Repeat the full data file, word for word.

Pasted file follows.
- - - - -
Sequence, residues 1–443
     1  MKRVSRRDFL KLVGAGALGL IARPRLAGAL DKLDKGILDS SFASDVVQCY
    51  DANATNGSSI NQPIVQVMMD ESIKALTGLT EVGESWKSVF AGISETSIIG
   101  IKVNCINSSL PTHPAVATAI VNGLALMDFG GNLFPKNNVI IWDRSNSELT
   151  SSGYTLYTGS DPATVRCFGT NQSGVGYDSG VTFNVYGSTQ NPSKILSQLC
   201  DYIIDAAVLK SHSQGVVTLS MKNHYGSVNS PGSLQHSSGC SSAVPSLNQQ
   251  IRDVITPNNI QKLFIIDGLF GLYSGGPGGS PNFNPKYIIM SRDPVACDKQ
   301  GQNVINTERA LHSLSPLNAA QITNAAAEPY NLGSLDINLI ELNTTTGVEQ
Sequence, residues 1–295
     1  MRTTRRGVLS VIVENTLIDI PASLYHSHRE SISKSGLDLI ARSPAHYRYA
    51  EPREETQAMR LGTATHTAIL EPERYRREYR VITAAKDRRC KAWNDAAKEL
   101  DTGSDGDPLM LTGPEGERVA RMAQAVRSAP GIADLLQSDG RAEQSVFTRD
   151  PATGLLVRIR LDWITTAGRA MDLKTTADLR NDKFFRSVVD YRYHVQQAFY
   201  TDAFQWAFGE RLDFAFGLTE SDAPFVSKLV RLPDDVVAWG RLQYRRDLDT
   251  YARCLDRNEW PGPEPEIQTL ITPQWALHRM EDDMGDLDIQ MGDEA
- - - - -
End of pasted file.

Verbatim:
Sequence, residues 1–443
     1  MKRVSRRDFL KLVGAGALGL IARPRLAGAL DKLDKGILDS SFASDVVQCY
    51  DANATNGSSI NQPIVQVMMD ESIKALTGLT EVGESWKSVF AGISETSIIG
   101  IKVNCINSSL PTHPAVATAI VNGLALMDFG GNLFPKNNVI IWDRSNSELT
   151  SSGYTLYTGS DPATVRCFGT NQSGVGYDSG VTFNVYGSTQ NPSKILSQLC
   201  DYIIDAAVLK SHSQGVVTLS MKNHYGSVNS PGSLQHSSGC SSAVPSLNQQ
   251  IRDVITPNNI QKLFIIDGLF GLYSGGPGGS PNFNPKYIIM SRDPVACDKQ
   301  GQNVINTERA LHSLSPLNAA QITNAAAEPY NLGSLDINLI ELNTTTGVEQ
Sequence, residues 1–295
     1  MRTTRRGVLS VIVENTLIDI PASLYHSHRE SISKSGLDLI ARSPAHYRYA
    51  EPREETQAMR LGTATHTAIL EPERYRREYR VITAAKDRRC KAWNDAAKEL
   101  DTGSDGDPLM LTGPEGERVA RMAQAVRSAP GIADLLQSDG RAEQSVFTRD
   151  PATGLLVRIR LDWITTAGRA MDLKTTADLR NDKFFRSVVD YRYHVQQAFY
   201  TDAFQWAFGE RLDFAFGLTE SDAPFVSKLV RLPDDVVAWG RLQYRRDLDT
   251  YARCLDRNEW PGPEPEIQTL ITPQWALHRM EDDMGDLDIQ MGDEA